The same concern with relevance is hardly present in the naming of plants after people, except for the recommendation 20A.1 that suggests keeping the privilege of having his/her name denominating a plant’s genus to natural scientists:  

(h) Not dedicate genera to persons quite unconnected with botany, mycology, phycology, or natural science in general.”

Shenzhen Code (Turland & al. 2018)

For scientists from underrepresented groups or regions who cannot rely on a tradition of natural scientists worthy of being honored in their fields, following this recommendation means unequivocally paying homage to already established figures from the global north. Besides that, the botanical community etiquette advises scientists not to name a species after his-/herself:

“[…] do not honour yourself in the name of a new taxon or a replacement name. Many would regard such an act as appallingly egocentric. However, there is nothing wrong with publishing a new combination or name at new rank for which the basionym, already published by someone else, honours you.”

(Turland 2019, p.43)


The code refers to the act of giving a species a person’s name as “commemorating a person”. Against the code’s recommendations, naming organisms after relatives, donors, public personalities, and even fictional characters, seems to be common practice in the natural sciences. Some examples of plants named after famous people are:

  • Dudleya hendrixii S.McCabe & Dodero (Jimmi Hendrix).
  • Genlisea hawkingii Silva, Płachno, Carvalho & Miranda, 2020 (Stephen Hawking).
  • Ipomoea kahloae Gonz.-Martínez, Lozada-Pérez & Rios-Carr. (Frida Kahlo).
  • Macrocarpaea dies-viridis J.R. Grant, 2007 (the punk rock band Green Day).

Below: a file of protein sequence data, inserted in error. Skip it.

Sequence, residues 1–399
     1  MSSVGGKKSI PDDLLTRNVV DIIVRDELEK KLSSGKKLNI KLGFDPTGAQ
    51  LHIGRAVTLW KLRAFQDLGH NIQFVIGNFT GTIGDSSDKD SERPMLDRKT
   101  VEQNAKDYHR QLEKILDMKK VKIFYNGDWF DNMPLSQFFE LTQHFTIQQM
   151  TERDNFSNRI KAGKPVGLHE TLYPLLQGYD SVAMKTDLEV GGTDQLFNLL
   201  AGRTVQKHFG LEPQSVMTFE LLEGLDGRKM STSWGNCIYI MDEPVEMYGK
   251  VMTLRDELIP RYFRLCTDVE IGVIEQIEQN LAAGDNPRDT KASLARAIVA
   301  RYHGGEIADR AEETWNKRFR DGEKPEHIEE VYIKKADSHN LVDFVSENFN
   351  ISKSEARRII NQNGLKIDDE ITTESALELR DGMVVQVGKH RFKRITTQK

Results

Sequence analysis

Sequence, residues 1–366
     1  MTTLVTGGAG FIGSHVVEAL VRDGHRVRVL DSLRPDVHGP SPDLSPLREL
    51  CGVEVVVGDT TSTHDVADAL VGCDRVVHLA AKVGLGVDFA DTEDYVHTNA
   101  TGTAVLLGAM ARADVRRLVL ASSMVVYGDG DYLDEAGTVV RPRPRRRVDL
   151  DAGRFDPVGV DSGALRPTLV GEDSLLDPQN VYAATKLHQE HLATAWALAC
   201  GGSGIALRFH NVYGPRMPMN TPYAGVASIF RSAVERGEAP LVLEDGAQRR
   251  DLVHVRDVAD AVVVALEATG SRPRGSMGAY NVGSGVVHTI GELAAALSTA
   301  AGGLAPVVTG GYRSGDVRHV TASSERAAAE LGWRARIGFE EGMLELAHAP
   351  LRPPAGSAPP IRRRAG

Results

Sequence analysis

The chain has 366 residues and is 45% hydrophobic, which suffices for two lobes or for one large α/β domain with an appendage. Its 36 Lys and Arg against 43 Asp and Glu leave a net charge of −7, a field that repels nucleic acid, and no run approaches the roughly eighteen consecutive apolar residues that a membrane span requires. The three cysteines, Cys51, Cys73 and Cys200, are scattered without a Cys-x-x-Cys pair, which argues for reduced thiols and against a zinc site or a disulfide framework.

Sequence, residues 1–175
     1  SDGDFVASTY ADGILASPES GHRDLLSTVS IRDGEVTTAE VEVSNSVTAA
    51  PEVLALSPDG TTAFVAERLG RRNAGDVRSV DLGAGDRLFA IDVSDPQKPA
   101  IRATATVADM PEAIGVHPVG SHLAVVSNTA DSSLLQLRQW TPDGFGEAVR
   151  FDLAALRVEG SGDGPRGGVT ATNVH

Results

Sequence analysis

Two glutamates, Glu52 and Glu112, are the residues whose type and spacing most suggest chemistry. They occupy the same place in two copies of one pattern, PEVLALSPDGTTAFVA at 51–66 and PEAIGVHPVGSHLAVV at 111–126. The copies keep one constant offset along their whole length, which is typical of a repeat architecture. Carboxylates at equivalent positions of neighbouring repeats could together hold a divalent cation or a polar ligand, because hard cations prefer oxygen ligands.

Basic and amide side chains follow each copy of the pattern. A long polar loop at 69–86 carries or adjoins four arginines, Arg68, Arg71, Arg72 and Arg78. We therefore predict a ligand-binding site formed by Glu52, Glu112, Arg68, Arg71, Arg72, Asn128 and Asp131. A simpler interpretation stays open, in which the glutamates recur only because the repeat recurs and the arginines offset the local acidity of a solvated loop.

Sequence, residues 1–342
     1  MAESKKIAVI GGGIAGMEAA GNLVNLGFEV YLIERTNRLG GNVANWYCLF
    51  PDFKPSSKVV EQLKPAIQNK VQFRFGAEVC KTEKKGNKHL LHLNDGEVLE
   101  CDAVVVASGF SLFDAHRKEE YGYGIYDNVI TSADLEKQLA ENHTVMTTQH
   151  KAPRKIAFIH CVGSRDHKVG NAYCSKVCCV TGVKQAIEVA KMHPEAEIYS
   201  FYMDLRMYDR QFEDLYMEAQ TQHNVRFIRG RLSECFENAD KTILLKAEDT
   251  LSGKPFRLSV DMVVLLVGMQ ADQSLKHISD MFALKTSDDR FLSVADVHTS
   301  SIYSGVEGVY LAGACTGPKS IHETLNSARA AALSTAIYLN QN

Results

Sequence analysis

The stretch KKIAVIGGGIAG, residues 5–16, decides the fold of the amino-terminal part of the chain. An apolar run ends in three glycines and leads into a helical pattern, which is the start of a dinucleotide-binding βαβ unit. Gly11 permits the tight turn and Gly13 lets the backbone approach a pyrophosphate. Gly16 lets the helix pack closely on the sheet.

• Pseudharpinia planti Andrade & Senna, 2020 (Led Zeppelin vocalist Robert Plant).

Organisms from other kingdoms have been named after many other celebrities, such as Lady Gaga, Ozzy Osbourne, Arnold Schwarzenegger, Shakira, and David Bowie, besides fictional characters from the Harry Potter series.

To conclude I would like to formulate 7 questions to guide the further reflection on the botanical nomenclature topic:

  1. From which perspective should the code be interpreted, e.g. when referring to “little-known” localities?
  2. What are relevance criteria for naming new plant species?
  3. Should morphological aspects be prioritized against preferences and personal affinities represented by the practice of naming after persons?
  4. What are the acceptable limits in the choice of plant’s patronyms (names honoring persons)?
  5. Are the guidelines for naming plants inclusive? For instance, can we still name plants after non-binary persons using the rules present in the code?
  6. Does naming after persons represent a loss of dimensionality in the binomial system? Would it be more objective (thus scientific) to give a species a name which denotes any of its specific characteristics?
  7. Is the act of giving organisms human names a colonizing practice?


Turland, N. J., Wiersema, J. H., Barrie, F. R., Greuter, W., Hawksworth, D. L., Herendeen, P. S., Knapp, S., Kusber, W.-H., Li, D.-Z., Marhold, K., May, T. W., McNeill, J., Monro, A. M., Prado, J., Price, M. J. & Smith, G. F. (eds.) (2018). International Code of Nomenclature for algae, fungi, and plants (Shenzhen Code) adopted by the Nineteenth International Botanical Congress Shenzhen, China, July 2017. Regnum Vegetabile 159. Glashütten: Koeltz Botanical Books.

Turland, Nicholas (2019). The Code Decoded. Advanced Books.